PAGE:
The executive director is on medical leave. A longtime leader in the organization resigned in September. And a staffer many credit with being essential to the program was laid off Tuesday.
What's going on at the Arts Council of Kern?
Many in the arts community are stunned over the dismissal of Nicole Saint-John, a respected local artist who joined ACK in 2009 and has filled a variety of roles since she's been there, including leading the visual arts programs and working with young audiences.
But the larger conversation for some time has been about the performance of Executive Director Michael Millar, who has been with the council since summer of last year.
Millar is being treated for an unspecified medical condition but is expected to return, according to Arts Council board president David Coffey. At an emergency meeting of the board last week, Coffey was named interim director and given authority to implement any austerity measures he deems fit to shore up the organization, staggered by the economy and the loss of two contracts that accounted for half of the Arts Council's budget.
Coffey, who commented on Millar's status during a conversation Tuesday, declined to address Saint-John's dismissal, but board treasurer Jan Fulton said Wednesday the layoff was necessary.
"I've always loved Nicole's work, and I like what she's done and I realize, sure, (her layoff) could be a concern to a degree. But I'm hoping people understand there was no ill intent on our part. We're just trying to make the organization as strong as it can be."
As for the timing of the layoff, during Millar's absence, Fulton said, "It could not wait. Our expenses are exceeding our funding. We have to show we're being fiscally prudent."
Saint-John, who declined to speak about the issue Wednesday, sent The Californian a statement via email:
"I was laid off by ACK board president David Coffey on Tuesday just prior to the morning staff meeting. He did not thank me for my service or apologize for taking away my job. He told me that I had to evacuate my cubicle immediately. After I told him that was not possible because I rode my bicycle to work, he told me that they would try to accommodate me and walked off. I was told that laying me off was the best of all available choices to serve the interests of the Arts Council. I was not given any severance pay."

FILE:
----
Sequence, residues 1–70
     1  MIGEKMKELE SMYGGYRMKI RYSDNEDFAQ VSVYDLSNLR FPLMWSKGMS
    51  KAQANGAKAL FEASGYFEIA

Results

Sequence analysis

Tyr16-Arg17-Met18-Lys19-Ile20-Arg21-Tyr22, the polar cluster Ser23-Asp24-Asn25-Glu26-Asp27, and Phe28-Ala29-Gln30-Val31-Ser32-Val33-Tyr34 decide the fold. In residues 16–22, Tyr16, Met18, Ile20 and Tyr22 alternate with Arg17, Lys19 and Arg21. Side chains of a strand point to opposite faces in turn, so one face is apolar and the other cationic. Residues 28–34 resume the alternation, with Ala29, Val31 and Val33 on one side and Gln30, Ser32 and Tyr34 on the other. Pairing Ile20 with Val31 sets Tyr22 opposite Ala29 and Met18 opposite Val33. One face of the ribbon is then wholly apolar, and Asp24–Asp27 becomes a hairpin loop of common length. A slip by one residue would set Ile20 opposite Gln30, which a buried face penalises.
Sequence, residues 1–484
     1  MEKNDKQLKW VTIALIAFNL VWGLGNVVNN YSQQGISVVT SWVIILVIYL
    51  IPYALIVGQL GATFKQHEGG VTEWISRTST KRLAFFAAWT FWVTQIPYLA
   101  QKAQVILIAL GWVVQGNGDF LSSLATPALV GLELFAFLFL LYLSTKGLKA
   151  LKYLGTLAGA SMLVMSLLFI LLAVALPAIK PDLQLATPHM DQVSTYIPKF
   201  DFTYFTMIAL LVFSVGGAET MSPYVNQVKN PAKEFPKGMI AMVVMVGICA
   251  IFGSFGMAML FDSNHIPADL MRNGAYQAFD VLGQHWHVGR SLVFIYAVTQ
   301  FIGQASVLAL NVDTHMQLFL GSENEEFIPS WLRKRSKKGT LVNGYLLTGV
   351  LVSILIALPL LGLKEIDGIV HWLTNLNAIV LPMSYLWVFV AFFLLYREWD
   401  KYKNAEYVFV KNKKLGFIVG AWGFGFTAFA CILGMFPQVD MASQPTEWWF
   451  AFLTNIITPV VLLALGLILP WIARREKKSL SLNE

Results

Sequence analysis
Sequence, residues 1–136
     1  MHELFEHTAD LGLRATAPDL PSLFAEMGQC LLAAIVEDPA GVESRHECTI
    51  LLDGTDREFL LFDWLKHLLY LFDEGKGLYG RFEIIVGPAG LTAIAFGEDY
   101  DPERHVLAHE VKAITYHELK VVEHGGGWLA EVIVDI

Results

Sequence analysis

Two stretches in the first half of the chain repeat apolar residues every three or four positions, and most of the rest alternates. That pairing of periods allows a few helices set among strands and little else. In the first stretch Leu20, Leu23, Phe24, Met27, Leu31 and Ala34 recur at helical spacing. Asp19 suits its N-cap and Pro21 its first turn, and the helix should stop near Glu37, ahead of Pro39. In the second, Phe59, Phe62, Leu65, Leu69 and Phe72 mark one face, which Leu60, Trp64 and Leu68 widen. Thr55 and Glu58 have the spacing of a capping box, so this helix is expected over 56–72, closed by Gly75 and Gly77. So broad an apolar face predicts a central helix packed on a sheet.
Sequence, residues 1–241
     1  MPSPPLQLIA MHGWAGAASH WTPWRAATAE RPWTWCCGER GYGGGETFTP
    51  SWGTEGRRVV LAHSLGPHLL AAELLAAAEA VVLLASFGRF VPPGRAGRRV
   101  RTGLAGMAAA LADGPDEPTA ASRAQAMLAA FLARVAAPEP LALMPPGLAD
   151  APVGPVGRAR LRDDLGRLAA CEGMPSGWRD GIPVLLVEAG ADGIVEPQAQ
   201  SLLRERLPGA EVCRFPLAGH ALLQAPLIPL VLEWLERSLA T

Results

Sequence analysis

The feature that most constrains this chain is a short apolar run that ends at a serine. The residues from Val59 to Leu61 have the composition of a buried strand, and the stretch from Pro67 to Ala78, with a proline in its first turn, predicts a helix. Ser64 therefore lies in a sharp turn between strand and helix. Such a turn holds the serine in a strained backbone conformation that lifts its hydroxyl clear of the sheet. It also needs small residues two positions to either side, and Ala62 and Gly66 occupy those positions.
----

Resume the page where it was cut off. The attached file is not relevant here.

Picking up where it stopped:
Jill Egland, who left the Arts Council in September for a position at the United Way, still consults for the council and was saddened by the news of Saint-John's dismissal.
"Nicole being fired for austerity measures is paradoxically gutting the Arts Council of its ability to respond to its 'access, advocacy and education' mission. I think the real tragedy, though, occurred in July 2011, when the board took this out-of-towner -- a really nice guy with strong connections to the L.A. music scene -- and placed him in a job that required him to be someone he's not."
Egland's stinging assessment of Millar gets to the heart of two pervasive criticisms of him:
He's never become a true part of the community because he lives in Santa Clarita and that he hasn't done enough to bring money into the council. But Fulton and Coffey reject that assessment.
"It was never a condition of employment to move here," Coffey said Tuesday. "He's raised awareness of the Arts Council.
"Locally, it's tough for anyone to assume that role and hit the ground with every contact you'd want. He's done tremendous work with the board, with mission statements and strategic plans."
But Egland -- who applied for the position that went to Millar -- pointed out that Bakersfield is a town of connections.
"Walking into a leadership position with community relationships in place is a huge plus," Egland said. "It's more than a huge plus. It's really essential."
As for Millar's fundraising abilities, longtime board member Margaret Lemucchi said:
"Our funding probably could have been better over the last two years since he's been in. Even with the recession, it could have been better. Some don't see things improving if we stay on the course we're on."
To right the course, the board is doing a variety of things, including initiating an external audit and exploring organizational and structural changes, according to board secretary Lynne Hall.
But the real hit to funding came not from the recession but the unexpected loss of about $550,000 in contracts last winter, Fulton said. That figure represents nearly half of the council's operating budget of $1.2 million.
That blow has Egland and Lemucchi fearing for the future of the venerable organization, which has worked to promote the arts and artists, and educate schoolchildren since 1977.
"I will say that the Arts Council plays a very vital role in the community," Egland said. "Over the past decade, many counties lost their arts councils due to budget reasons, and Kern has always managed to keep going to find creative ways of addressing economic issues that face it. And it'll be a great tragedy if the county loses its Arts Council."